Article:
Abnormal smooth pursuit eye movements (SPEMs) are some of the most reproducible biological changes associated with the susceptibility for schizophrenia. Recent studies have suggested that deficit in predictive pursuit, a specific component of the SPEMs, marks schizophrenia susceptibility.
To test whether predictive pursuit contains less extraneous noise and may be under more direct genetic control than the traditional measure of overall pursuit performance using maintenance pursuit gain.
Familial aggregation estimation of the predictive pursuit measure and the traditional maintenance pursuit measure in sibling pairs from families of schizophrenic patients.
Patients with schizophrenia and their full siblings were recruited, provided that at least 1 sibling pair could be formed per family. Ninety-two siblings were recruited into the study. They formed 70 sibling pairs. Ninety healthy control subjects were also recruited using targeted local community advertisements based on patients' county of residence, aiming to capture the basic demographics of the regions from which the patients were recruited.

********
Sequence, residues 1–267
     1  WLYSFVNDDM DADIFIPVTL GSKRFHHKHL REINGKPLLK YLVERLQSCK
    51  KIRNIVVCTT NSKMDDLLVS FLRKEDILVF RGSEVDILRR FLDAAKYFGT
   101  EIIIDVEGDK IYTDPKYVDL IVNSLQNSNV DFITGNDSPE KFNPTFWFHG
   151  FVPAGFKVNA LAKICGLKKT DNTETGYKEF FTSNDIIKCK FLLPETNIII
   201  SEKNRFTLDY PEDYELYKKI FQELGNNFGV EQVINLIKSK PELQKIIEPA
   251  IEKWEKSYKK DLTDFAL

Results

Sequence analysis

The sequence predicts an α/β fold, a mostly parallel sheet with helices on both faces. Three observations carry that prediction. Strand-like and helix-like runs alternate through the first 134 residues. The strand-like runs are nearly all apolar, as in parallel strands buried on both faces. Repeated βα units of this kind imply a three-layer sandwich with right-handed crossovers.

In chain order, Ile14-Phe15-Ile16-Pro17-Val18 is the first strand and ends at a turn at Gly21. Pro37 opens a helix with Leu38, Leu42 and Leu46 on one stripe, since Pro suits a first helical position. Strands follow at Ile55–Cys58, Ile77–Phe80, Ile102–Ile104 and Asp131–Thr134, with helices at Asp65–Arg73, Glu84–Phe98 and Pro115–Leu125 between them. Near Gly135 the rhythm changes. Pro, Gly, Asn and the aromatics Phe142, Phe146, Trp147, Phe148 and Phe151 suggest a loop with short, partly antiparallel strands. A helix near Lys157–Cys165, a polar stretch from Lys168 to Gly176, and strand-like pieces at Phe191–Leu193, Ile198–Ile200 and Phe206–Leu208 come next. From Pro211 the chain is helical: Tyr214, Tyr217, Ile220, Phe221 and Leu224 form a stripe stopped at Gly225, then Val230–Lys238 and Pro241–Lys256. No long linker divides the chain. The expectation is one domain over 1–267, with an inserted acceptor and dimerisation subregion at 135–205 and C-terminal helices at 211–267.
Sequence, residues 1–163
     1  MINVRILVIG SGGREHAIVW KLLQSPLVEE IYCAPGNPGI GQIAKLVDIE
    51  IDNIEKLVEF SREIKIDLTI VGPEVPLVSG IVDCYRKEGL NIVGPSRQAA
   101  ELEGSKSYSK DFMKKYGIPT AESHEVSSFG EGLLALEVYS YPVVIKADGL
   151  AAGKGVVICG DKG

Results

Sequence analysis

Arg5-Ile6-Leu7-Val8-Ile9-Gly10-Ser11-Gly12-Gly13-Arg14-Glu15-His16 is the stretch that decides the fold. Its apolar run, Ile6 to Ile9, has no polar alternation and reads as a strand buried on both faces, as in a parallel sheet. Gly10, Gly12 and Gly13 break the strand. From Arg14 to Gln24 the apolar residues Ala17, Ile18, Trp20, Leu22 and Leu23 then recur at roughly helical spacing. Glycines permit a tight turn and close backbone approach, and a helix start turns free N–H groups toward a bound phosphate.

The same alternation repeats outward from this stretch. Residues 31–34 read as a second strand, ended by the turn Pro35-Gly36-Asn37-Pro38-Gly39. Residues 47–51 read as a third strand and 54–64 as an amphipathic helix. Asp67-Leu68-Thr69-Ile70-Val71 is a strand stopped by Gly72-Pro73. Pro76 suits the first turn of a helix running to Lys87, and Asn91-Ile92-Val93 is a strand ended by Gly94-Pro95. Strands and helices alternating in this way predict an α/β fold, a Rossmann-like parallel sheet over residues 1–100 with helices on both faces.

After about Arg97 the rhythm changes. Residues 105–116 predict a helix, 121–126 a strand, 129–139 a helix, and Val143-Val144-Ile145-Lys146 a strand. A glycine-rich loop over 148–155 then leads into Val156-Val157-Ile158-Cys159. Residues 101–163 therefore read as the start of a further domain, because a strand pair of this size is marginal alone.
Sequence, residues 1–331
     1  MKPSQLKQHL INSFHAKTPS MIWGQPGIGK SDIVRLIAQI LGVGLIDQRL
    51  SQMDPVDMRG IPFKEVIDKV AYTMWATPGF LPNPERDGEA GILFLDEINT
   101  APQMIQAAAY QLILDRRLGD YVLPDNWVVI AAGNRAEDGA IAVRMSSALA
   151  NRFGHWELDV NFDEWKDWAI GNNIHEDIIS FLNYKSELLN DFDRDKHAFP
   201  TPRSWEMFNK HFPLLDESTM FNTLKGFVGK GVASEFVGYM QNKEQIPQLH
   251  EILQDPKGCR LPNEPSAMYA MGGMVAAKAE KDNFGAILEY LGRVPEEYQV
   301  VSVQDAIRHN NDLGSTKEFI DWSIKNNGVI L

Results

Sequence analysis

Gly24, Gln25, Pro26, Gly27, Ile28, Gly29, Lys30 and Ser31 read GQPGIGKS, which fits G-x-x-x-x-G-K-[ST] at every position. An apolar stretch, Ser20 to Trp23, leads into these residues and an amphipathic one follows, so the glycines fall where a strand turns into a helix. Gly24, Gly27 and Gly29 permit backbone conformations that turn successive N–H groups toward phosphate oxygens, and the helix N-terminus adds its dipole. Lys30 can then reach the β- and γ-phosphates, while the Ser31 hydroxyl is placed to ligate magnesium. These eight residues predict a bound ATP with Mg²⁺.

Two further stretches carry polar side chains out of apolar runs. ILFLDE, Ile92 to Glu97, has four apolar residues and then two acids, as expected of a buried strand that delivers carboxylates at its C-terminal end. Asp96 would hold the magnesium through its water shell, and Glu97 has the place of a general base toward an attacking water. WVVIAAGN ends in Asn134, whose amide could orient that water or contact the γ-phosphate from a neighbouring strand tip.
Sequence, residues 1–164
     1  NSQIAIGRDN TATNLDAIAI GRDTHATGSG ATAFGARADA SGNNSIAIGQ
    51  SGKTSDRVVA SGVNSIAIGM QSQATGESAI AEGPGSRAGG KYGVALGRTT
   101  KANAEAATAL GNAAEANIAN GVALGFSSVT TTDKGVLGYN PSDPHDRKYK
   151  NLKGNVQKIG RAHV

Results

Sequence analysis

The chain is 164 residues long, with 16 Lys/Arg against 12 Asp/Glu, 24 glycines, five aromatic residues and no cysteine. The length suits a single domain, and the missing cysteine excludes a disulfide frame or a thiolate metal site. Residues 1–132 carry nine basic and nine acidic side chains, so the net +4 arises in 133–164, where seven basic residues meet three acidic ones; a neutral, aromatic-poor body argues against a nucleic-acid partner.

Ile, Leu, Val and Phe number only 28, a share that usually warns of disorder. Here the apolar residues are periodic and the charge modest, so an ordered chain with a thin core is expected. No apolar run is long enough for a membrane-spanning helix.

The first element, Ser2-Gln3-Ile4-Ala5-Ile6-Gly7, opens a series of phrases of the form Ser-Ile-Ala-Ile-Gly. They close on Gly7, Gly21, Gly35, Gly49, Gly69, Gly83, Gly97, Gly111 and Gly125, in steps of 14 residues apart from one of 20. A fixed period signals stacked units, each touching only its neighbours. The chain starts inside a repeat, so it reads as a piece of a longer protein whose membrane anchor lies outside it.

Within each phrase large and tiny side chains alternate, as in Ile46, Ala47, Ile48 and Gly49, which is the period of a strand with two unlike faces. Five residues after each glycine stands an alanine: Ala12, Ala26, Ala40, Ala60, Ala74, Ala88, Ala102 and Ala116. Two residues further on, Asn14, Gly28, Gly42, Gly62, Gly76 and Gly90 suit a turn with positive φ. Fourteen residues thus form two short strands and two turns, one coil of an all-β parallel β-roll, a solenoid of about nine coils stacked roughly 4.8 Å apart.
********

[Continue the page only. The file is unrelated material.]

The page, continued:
Main Outcome Measures
Familial correlations and heritability estimates of 2 SPEM measures: maintenance pursuit gain and predictive pursuit gain.
The sibling intraclass correlation coefficient of the predictive pursuit gain (r = 0.45-0.48) was significantly higher than that of maintenance pursuit gain (r = 0.02-0.20) (P = .005-.007). Variance component analysis suggested a high genetic loading for predictive pursuit (heritability = 0.90, SE = 0.22; P<.001) but relatively low heritability in the traditional maintenance pursuit measure (heritability = 0.27, SE = 0.21; P = .08).
These results suggest that predictive pursuit may index stronger genetic effect and may be better suited for genetic studies than the traditional SPEM measure of maintenance pursuit gain.